In U-turn, Britain's Cameron rules out EU referendum vote on May 5, 2016

Britain's Prime Minister and leader of the Conservative Party, David Cameron, unveils his party's general election manifesto in Swindon, southern England, on April 14, 2015. Mr Cameron has performed a U-turn and ruled out holding a European Unio
Britain's Prime Minister and leader of the Conservative Party, David Cameron, unveils his party's general election manifesto in Swindon, southern England, on April 14, 2015. Mr Cameron has performed a U-turn and ruled out holding a European Union (EU) membership referendum on May 5, 2016, a shift to placate some of his own lawmakers who were opposed to it being held on the same day as local elections. -- PHOTO: AFP

LONDON (REUTERS) - British Prime Minister David Cameron has performed a U-turn and ruled out holding a European Union (EU) membership referendum on May 5, 2016, a shift to placate some of his own lawmakers who were opposed to it being held on the same day as local elections.

The move will be interpreted as a tactical one designed to preserve unity in Mr Cameron's ruling Conservative Party which is riven by differences over Europe and follows another U-turn by Mr Cameron on the subject earlier this month.

Mr Cameron has promised to renegotiate Britain's relationship with the 28-nation bloc before holding an in-out referendum by the end of 2017. He has said he would be open to holding the vote before then if he can complete the renegotiation early.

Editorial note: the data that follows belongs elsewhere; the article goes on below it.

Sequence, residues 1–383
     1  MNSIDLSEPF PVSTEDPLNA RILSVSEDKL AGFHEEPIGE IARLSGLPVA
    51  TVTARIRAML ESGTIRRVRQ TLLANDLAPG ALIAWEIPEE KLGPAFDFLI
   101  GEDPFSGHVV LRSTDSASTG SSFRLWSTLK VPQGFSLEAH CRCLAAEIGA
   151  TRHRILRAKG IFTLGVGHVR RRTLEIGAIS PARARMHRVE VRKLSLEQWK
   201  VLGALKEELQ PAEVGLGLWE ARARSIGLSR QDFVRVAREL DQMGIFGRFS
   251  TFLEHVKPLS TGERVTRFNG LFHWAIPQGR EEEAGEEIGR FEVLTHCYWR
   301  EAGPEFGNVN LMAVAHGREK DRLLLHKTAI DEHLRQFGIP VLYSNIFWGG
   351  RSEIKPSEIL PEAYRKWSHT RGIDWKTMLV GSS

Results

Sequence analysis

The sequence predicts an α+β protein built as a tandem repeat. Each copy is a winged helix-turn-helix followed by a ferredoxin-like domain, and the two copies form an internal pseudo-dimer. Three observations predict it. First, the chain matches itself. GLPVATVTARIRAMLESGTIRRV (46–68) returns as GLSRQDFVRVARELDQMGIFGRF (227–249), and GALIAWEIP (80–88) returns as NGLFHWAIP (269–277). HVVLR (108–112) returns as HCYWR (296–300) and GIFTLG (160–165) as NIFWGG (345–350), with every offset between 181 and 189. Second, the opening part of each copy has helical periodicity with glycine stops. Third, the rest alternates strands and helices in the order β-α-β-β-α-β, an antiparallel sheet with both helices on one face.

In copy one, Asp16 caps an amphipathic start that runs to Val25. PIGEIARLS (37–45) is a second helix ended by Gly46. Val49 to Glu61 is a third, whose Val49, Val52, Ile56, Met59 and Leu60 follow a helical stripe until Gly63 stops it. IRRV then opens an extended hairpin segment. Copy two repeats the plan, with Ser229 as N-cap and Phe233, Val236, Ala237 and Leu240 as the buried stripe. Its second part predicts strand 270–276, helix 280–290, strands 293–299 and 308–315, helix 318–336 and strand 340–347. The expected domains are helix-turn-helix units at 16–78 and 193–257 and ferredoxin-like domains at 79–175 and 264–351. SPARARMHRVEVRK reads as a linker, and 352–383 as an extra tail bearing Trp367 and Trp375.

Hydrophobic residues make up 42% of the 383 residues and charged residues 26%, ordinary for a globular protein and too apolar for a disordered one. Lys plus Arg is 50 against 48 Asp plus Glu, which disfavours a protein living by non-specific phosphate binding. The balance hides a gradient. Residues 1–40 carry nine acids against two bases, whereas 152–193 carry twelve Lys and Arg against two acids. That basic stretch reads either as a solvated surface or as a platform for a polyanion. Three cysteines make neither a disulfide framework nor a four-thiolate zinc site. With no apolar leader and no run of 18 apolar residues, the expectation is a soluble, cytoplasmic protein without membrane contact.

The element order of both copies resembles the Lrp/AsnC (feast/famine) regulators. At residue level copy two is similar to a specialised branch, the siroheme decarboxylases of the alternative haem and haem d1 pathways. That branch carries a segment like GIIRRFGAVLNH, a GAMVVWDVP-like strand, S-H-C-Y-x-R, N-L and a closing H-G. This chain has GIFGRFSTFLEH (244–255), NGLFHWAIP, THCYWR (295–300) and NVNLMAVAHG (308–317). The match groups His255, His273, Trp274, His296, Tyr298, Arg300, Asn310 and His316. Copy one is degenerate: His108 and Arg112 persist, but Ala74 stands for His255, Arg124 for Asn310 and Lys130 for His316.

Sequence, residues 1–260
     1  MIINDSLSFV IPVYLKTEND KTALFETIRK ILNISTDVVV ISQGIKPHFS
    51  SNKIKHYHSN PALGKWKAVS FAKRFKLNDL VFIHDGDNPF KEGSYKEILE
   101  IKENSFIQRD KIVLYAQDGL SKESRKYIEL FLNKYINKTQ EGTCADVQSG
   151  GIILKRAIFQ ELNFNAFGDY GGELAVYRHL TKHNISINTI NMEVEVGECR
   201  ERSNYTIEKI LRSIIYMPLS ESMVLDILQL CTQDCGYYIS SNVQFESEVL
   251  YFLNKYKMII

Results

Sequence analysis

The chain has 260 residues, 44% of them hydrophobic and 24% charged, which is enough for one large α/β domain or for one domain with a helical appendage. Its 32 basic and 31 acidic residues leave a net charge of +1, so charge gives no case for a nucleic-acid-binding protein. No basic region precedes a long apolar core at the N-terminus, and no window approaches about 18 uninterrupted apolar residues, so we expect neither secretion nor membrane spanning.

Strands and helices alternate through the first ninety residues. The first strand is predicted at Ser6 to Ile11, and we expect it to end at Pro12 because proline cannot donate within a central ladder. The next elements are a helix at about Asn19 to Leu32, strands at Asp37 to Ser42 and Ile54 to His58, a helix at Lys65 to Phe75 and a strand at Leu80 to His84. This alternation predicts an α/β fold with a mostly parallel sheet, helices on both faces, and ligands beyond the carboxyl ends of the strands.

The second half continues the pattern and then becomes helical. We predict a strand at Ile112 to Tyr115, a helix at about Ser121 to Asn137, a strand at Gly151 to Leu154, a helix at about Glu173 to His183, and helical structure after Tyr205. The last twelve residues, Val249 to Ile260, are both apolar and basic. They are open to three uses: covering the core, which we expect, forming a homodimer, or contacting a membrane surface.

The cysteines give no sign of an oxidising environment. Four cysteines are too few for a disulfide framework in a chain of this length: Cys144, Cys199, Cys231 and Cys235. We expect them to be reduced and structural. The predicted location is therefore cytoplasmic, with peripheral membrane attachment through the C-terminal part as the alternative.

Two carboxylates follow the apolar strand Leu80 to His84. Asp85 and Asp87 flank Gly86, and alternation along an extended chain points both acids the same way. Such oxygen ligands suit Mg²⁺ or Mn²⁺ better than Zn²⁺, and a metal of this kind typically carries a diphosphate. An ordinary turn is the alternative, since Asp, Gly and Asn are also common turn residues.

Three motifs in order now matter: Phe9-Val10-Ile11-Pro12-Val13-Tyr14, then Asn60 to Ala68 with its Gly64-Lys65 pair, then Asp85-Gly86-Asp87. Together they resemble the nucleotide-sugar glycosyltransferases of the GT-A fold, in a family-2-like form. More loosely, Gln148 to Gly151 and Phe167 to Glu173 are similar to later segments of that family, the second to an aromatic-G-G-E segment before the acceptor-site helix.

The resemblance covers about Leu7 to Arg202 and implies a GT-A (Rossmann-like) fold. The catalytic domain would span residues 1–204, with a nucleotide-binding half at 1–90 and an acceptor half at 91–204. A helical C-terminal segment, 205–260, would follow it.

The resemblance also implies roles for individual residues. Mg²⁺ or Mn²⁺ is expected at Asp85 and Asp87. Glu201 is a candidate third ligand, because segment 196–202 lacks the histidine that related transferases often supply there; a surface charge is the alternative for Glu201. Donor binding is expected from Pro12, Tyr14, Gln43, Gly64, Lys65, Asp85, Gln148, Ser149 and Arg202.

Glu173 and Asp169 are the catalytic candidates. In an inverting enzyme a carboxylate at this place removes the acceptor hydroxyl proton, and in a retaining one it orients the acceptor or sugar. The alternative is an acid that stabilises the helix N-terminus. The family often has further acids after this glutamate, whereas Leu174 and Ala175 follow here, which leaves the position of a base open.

But Eurosceptic lawmakers from Mr Cameron's Conservatives had feared he might try to secure a "yes" vote by holding the vote as early as next May, the same day as elections in Scotland, Wales and Northern Ireland, in order to limit the time available to debate any deal he secures.

On Monday night, in a policy shift, his government tabled an amendment to a law paving the way for the referendum which rules out holding the referendum on the same day as the local elections.

"We have listened to the views expressed by MPs across the house and decided that we won't hold the referendum on May 5, 2016," a spokeswoman for Mr Cameron's Downing Street office said.

The law is due to be debated in parliament later Tuesday (June 16).

The decision to rule out the May 5 vote comes after Mr Cameron told parliament last week he thought voters were capable of making two decisions on one day, suggesting the referendum could be held on May 5.

The government is also likely to promise not to spend large amounts of public money to influence the campaign in the immediate run-up to the referendum, another demand from Eurosceptic lawmakers.